Lyon (William D.) Papers, 1863, 1 Item
Copyright: The copyright of these letters is held by Navarro College Archives, Navarro College, 3200 W. 7th Ave., Corsicana, Texas. Internet: firstname.lastname@example.org.
Cite As:William D. Lyon Papers, Pearce Civil War Collection, Navarro College, Corsicana, Texas
Forms Part of: Pearce Civil War Collection
Scanned Copies on File: No
Accession Number: 2000-197
Processed by: Emily Brickhouse June 2002
Reproductions of original materials and transcriptions may be available. Please contact the archivist for further information.
Abstract: William D. Lyon writes to his brother about his experiences as a Confederate soldier during the Gettysburg Campaign (8 quarto pages; July 18, 1863).
William D. Lyon served the state of Alabama in the Civil War. He was in Brigadier-General John B. Gordon’s Brigade, Brigadier-General Jubal A. Early’s 3rd Division, and Lieutenant General Richard Stoddard Ewell’s II Corps during the Gettysburg Campaign. On June 17, 1863, Ewell’s Corps marched across the Potomac River into Maryland. On June 26, Early’s division met light resistance from local militia west of Gettysburg, Pennsylvania but soon dispersed the troops. When the Confederates reached York, Early demanded one hundred thousand dollars from the inhabitants but took only twenty-eight thousand dollars, which was readily available. At Wrightsville, on the Susquehanna River, a militia group burned a bridge that spanned the river between Wrightsville and Columbia and the town caught fire. Gordon’s brigade helped to put out the flames. From Wrightsville Early marched his division to Gettysburg to join Ewell. In the three days at Gettysburg (July 1-3, 1863) Early’s troops were involved in the attacks on Cemetery Hill. Lyon survived the battle of Gettysburg.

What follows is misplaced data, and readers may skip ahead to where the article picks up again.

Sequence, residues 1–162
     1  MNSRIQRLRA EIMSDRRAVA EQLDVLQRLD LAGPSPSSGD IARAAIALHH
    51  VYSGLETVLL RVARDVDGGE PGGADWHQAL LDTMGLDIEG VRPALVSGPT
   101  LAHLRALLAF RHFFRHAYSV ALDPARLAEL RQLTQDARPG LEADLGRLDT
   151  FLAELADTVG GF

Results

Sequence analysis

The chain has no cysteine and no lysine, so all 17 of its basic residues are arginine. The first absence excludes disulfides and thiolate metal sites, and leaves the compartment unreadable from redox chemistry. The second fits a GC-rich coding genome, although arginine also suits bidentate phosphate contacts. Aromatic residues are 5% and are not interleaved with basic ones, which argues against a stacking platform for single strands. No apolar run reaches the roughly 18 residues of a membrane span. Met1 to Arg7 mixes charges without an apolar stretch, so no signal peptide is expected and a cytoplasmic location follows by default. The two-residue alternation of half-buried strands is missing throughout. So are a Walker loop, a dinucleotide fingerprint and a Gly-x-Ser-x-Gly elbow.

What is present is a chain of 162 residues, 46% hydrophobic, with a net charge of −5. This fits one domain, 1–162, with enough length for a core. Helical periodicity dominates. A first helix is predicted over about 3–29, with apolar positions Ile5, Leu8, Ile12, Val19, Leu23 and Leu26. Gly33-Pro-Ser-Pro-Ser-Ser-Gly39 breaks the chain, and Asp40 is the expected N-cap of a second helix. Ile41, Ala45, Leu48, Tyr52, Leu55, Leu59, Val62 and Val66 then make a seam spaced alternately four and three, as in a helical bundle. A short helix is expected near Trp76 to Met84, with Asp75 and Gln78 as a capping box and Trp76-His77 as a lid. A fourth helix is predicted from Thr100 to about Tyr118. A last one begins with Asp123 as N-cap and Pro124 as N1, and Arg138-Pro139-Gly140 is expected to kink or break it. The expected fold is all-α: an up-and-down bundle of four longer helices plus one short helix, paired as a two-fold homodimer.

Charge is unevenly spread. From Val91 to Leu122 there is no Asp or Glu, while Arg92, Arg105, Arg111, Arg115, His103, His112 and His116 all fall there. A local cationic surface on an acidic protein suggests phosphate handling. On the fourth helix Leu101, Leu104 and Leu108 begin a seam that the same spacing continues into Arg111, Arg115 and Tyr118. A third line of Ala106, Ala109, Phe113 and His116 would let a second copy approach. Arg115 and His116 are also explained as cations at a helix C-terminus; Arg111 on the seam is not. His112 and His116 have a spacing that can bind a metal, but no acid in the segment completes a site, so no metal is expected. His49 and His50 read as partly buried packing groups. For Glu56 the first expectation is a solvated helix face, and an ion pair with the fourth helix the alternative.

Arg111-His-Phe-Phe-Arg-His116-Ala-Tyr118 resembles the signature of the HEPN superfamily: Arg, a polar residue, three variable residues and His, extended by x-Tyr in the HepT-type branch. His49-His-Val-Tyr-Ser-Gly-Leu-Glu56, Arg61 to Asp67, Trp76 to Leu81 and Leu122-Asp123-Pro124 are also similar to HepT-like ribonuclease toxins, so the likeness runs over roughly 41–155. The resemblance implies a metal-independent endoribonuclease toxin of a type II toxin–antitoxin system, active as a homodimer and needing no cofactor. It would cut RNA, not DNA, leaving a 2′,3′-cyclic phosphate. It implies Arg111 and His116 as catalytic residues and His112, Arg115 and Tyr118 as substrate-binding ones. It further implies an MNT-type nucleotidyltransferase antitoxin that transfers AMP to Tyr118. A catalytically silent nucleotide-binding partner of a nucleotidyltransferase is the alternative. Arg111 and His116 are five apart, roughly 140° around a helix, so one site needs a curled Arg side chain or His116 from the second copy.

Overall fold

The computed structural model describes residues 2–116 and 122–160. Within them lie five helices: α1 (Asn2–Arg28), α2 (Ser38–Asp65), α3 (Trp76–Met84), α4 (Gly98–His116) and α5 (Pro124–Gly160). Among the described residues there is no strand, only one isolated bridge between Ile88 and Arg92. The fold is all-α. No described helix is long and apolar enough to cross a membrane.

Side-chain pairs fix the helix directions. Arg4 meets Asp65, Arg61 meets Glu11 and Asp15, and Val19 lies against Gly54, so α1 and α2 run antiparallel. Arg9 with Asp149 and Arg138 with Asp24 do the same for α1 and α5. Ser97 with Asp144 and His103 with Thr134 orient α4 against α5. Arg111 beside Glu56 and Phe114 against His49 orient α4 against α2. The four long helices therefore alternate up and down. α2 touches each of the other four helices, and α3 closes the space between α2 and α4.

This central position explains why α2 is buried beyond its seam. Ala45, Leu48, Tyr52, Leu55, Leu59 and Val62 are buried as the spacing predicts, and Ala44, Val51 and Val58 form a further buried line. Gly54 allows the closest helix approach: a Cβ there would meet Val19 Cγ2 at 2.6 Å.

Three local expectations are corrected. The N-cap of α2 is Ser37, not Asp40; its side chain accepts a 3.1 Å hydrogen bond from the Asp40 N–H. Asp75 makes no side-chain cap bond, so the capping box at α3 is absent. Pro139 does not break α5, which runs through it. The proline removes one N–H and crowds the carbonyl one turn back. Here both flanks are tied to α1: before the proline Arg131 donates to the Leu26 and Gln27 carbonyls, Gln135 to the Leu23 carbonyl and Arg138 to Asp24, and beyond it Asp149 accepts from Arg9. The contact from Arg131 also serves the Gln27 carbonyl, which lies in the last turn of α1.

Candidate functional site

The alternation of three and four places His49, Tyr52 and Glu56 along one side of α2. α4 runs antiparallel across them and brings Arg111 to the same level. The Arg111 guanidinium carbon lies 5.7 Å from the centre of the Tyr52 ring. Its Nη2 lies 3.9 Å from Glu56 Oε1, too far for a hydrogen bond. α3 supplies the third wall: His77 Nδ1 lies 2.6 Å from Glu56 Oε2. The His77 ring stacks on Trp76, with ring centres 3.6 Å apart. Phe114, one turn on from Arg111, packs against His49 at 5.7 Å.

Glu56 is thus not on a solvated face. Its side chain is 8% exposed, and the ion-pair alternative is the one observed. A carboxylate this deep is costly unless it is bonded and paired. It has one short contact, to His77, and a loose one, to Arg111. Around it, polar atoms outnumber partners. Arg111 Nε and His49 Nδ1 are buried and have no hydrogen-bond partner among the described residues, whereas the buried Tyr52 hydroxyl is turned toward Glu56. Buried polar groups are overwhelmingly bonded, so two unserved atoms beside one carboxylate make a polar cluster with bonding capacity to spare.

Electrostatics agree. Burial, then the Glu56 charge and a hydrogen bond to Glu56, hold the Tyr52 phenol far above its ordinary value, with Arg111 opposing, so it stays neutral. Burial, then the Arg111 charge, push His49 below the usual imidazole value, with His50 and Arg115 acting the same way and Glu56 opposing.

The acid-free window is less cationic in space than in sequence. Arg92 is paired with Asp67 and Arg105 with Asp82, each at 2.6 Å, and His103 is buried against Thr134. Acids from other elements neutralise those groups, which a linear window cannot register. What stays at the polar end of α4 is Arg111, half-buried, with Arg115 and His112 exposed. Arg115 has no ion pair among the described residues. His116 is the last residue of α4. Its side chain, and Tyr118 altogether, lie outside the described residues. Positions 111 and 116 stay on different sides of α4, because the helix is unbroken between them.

Scope and Content Note
In a letter to his brother George (July 18, 1863; 8 pages) Lyon wrote about the operation to protect the bridge between Columbia and Wrightsville, Pennsylvania. “Separated from the main army, and on to save if possible the bridge which crosses the Susquehanna River between Columbia and Wrightsville. I never enjoyed myself more than I did on that march. We passed through the most beautiful and highly cultivated country that I ever saw. It was literally a land of plenty. The people, who were all Dutch, were very much frightened of our appearance, and full expected to be the victims of the most horrible atrocities.”